Heart conditions and COVID-19

Everyone is at risk of developing COVID-19 (coronavirus) if exposed to it.

If you have heart disease, you need to take extra care to protect yourself from COVID-19. If you get infected with the virus you have a higher chance of developing complications. This may result in you becoming critically ill.

Follow the advice for people at higher risk from COVID-19

Heart disease and COVID-19

A lot of viral infections can affect the heart, and COVID-19 is no different. Viruses are known to cause inflammation of the heart muscle.

If you have heart disease, or you live with or care for someone who has heart disease, you need to be aware of:

If you have heart disease you should:

  • follow medical advice on how to keep your condition well controlled
  • maintain a healthy diet – unless you have been told to stick to a specially prescribed diet
  • try and do some form of exercise everyday – even for few minutes
  • watch for new symptoms - especially high temperature, cough and shortness of breath
  • phone your GP or nurse immediately if you notice any new symptoms or if you feel unwell
  • keep a list of all the medications you take
  • let your family, friends or neighbours know about your condition as you may need help if you become ill
  • plan for how you can get food or other supplies if you cannot get them yourself or if you become ill - community supports are available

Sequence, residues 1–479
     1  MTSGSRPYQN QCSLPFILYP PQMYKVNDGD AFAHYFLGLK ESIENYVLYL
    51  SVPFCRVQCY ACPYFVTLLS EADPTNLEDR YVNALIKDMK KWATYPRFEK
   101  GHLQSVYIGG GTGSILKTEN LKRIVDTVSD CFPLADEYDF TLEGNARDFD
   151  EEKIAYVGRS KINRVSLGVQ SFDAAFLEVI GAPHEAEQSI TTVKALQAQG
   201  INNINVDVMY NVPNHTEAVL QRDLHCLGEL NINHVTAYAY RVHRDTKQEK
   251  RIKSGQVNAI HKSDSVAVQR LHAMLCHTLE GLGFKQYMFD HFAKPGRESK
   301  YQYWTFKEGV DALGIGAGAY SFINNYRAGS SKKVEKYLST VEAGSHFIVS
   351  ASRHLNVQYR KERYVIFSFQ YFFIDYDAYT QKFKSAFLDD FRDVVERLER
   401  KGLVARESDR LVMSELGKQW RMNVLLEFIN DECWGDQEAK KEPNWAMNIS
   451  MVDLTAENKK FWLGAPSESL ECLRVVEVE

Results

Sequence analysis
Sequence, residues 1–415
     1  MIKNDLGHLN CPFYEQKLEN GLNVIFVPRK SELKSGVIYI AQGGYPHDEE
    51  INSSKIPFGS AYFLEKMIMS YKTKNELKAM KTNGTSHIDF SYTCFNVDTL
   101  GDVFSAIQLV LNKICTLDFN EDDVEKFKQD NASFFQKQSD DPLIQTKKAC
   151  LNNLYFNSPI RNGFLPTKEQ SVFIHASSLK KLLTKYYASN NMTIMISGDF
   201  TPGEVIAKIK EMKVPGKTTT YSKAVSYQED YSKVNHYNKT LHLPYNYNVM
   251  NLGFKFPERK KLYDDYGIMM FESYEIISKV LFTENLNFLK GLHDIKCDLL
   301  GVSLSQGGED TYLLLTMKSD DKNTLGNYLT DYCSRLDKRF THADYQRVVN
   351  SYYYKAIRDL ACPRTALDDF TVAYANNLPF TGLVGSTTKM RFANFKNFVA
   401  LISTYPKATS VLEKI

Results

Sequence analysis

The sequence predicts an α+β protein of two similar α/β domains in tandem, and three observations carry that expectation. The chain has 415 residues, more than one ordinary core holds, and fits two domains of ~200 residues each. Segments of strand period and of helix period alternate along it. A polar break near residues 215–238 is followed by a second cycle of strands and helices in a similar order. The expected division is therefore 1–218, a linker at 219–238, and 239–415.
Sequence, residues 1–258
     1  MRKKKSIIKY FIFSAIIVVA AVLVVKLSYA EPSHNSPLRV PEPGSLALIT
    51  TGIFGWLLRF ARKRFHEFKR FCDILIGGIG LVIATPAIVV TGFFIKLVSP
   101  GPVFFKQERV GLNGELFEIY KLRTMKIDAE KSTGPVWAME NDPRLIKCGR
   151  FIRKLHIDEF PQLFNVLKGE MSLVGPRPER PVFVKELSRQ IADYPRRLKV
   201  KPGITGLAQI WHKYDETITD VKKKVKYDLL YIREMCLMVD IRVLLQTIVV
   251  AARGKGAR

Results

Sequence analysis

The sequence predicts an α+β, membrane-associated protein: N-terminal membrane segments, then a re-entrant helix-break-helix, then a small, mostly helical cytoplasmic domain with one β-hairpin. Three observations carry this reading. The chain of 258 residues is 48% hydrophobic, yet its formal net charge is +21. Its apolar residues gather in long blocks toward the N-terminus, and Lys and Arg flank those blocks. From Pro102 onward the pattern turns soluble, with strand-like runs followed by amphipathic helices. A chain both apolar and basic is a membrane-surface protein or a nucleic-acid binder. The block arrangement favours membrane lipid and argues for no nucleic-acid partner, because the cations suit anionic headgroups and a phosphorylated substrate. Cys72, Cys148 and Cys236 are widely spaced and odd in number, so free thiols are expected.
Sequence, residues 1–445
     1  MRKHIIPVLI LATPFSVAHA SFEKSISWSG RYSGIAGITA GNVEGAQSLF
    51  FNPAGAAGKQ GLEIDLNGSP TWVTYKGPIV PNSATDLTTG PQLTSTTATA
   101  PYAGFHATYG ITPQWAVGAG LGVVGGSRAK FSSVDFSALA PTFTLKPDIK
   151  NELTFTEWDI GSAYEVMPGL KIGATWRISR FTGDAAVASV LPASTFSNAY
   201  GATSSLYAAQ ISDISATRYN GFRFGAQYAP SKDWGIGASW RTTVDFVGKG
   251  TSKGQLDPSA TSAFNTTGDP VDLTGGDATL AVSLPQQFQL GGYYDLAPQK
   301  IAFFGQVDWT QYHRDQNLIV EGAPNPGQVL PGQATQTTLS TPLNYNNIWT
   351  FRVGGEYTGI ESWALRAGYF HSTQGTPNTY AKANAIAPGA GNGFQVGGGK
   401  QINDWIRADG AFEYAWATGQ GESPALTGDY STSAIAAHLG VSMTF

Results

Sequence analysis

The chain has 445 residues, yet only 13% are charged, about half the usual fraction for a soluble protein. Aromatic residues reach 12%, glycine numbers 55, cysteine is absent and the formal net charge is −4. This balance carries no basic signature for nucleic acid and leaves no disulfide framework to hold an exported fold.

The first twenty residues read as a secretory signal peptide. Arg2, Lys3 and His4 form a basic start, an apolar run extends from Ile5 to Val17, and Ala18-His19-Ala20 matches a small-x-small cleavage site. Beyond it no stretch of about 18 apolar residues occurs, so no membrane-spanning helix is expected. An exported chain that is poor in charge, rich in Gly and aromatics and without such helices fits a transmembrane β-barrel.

More information and support for people with heart disease are available on the Irish Heart Foundation website.

Read about how to get tested

Advice for specific heart conditions

Immunosuppressed patients

Heart transplant patients or cancer patients who also have heart disease are probably the most vulnerable to this virus.

Pacemakers and other implants

There is no evidence that COVID-19:

  • infects implanted devices such as pacemakers and cardioverter defibrillators
  • causes infective endocarditis in those with heart valve disease

Brugada Syndrome

If you have Brugada Syndrome and you get a fever, take paracetamol as soon as possible to treat it. It is very important that you try to keep your temperature below 39 degrees Celsius. Ring your doctor for advice if you develop a fever.


If you have had myocarditis or pericarditis, you are not at any higher risk of developing the same condition again from COVID-19.

Face masks

If you have a heart condition, wearing a mask may make breathing more difficult. You should consult your doctor or nurse for advice on this.


Continue to take all medications exactly as prescribed. Do not make any changes without contacting your GP or nurse.

Make sure that you have an adequate supply of medications.

Keep an up-to-date list of all medications you are currently taking.

Get medical help for symptoms of heart attack or stroke

Do not ignore or delay seeking medical treatment for symptoms of heart attack and stroke.

It is important that you are aware of the signs and symptoms of heart attack and stroke.

If you, or someone with you, have chest pain or stroke symptoms, call the emergency services on 112 or 999.

Signs of a heart attack:

  • Your chest feels tight or heavy.
  • You have pain that spreads to your arms, back, neck and jaw.
  • You feel or are being sick.

Signs of stroke - FAST

The FAST acronym was created to help you remember the main warning signs of stroke.

FAST stands for:

Face - Has their face fallen on one side. Can they smile?

Arms - Can they raise both their arms and keep them there?

Speech – is their speech slurred?

Time - To call 112 or 999 if you see any single one of these signs.

Read more about when to get medical help and hospital treatment

Last updated: 21 December 2021 at 11.05am